By HELEN DALRYMPLE
German Chancellor Angela Merkel officially transferred the 1507 Waldseemüller map—the oldest known document to name "America"—from the German government to the American people in a ceremony at the Library of Congress on April 30. The map was purchased by the Library in 2003. (See Information Bulletin, September 2003.)
"Today is truly a great day," said Merkel. "A unique work of German cartographic art takes its rightful place in the Library of Congress. It is a very great pleasure for me to hand over this map today, 500 years after it was created…. I am convinced there can hardly be a more dignified and appropriate place for it… . We share the delights of this wonderful map, and we will send a lot of visitors over from Germany to see it."
Librarian of Congress James H. Billington welcomed Chancellor Merkel as "a very special woman of the 21st century…here to celebrate this extraordinary act of trans-Atlantic generosity." Merkel, who was sworn in as German Chancellor in November 2005, is the first woman and the first East German to hold this position. She is also serving in the rotating post of president of the European Union.
Rep. Steny Hoyer, majority leader of the House of Representatives, accepted the map on behalf of the people of the United States. He was standing in for Speaker of the House Nancy Pelosi (whom he described as "another extraordinary woman of the 21st century"), who was in California for the funeral of Rep. Juanita Millender-McDonald.
"This map and our friendship reflect our shared values and shared aspirations," said Hoyer. "On behalf of Speaker Pelosi and the bipartisan leadership of the Congress, we thank you and welcome you. We will make sure that everyone who visits this Library will understand that it is one of its greatest treasures. We will keep it well. Danke schön."
Billington gave a short history of the map, which was drawn by cartographer Martin Waldseemüller and a group of scholars known as the Gymnasium Vosagense, in Saint-Dié, France. "It was the first document of any kind to name the new continent [America] and to show that it was completely surrounded by water," he said. It is also the first map to depict a separate and full Western Hemisphere and the first to represent the Pacific Ocean as a separate body of water.
In creating the 1507 world map, Waldseemüller took into account information gathered from the voyages of Christopher Columbus and Amerigo Vespucci, as well as other unknown Portuguese and Spanish sources. The map's depiction of a new continent between two big oceans in a new hemisphere not attached to Asia reflected the biggest change in how the world was viewed since the second century work of Greek geographer Claudius Ptolemy. It was a modern view of the world.
Billington added that the map contains other information that was only later confirmed through historical writing. "Even now," he said, "exactly 500 years after its appearance, we marvel at its many elements of geographical and cartographic accuracy, and scholars are already seeking further information about the sources used to create it."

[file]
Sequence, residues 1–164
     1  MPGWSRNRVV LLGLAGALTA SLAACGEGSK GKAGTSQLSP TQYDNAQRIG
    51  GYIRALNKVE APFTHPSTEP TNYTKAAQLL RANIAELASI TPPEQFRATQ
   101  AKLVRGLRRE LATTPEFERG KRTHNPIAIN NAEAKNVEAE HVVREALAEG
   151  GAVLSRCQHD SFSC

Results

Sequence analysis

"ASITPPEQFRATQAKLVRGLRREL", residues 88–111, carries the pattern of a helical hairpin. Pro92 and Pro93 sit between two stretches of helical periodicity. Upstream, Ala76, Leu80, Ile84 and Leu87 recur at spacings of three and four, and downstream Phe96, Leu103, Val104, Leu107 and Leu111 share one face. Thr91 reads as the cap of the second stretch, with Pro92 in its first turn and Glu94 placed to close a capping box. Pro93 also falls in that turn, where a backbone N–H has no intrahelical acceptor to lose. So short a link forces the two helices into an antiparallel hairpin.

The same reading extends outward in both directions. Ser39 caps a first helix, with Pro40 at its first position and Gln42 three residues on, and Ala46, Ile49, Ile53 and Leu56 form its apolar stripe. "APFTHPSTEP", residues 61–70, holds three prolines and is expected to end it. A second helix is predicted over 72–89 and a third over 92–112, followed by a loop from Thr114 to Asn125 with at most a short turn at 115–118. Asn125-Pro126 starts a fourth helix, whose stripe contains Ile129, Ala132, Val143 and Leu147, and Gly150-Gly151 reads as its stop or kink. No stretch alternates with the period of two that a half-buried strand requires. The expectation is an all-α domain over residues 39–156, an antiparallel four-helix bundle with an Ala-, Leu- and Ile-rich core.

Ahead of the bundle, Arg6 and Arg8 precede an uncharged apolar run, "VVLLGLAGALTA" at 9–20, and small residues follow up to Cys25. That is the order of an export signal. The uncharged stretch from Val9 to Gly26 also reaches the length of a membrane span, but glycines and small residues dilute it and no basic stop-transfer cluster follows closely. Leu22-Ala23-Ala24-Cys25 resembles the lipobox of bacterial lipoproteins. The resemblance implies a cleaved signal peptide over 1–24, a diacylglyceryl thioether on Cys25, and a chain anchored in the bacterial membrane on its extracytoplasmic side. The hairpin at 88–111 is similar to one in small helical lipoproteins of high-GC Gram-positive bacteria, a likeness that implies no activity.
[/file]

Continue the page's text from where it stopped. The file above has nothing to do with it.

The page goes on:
Long thought to be lost, the map was rediscovered in 1901 in a portfolio of maps owned by the family of Prince Waldburg-Wolfegg in Baden-Württemberg, Germany. Because of the map's cultural and historical significance, the Library had made many attempts to acquire it throughout the 20th century, but they were not successful until the Waldburg-Wolfegg family indicated that it was willing to sell the map. The state of Baden-Württemberg and the German national government issued export permits for this German national treasure.
"It had been well preserved by the family of Prince Johannes Waldburg-Wolfegg," said Billington, "and we appreciate Prince Johannes' support for bringing it to the Library of Congress … and the dedicated work of Margrit Krewson, a former head of our great German collections here at the Library, in making arrangements for this historic acquisition."
Merkel charmed the audience of German officials, distinguished German visitors, members of Congress and Library staff with her warm remarks about the longstanding friendship between the German and American peoples. She spoke principally in German, with an interpreter providing a consecutive translation.
"The map is important for the cultural identity of America," Merkel said. "For many years the Library of Congress tried to acquire it. Only in 2001, after Germany granted an export license, was it possible." Merkel acknowledged that the granting of the export license stirred up some opposition in Germany, but, she said, "I still think today it was the right decision."
She said the decision was taken also because of the "outstanding services the American people have rendered to the German people," by helping to defeat the German national socialist government during World War II, helping to rebuild the country after the war, and assisting with the peaceful reunification of Germany after the fall of the Berlin Wall.
"The fact that I am standing here before you today is visible proof of this," she added.
Billington concluded the ceremony by thanking Chancellor Merkel and thanking the Congress for its support in providing a special appropriation to help purchase the map. He also acknowledged the private donors who made its acquisition, study and/or preservation possible: Discovery Communications, Gerry and Marguerite Lenfest, David Koch, George Tobolowsky and Virginia Gray and the Gray family in memory of Martin Gray.
Helen Dalrymple is a retired Library employee and the former editor of the Library of Congress Information Bulletin.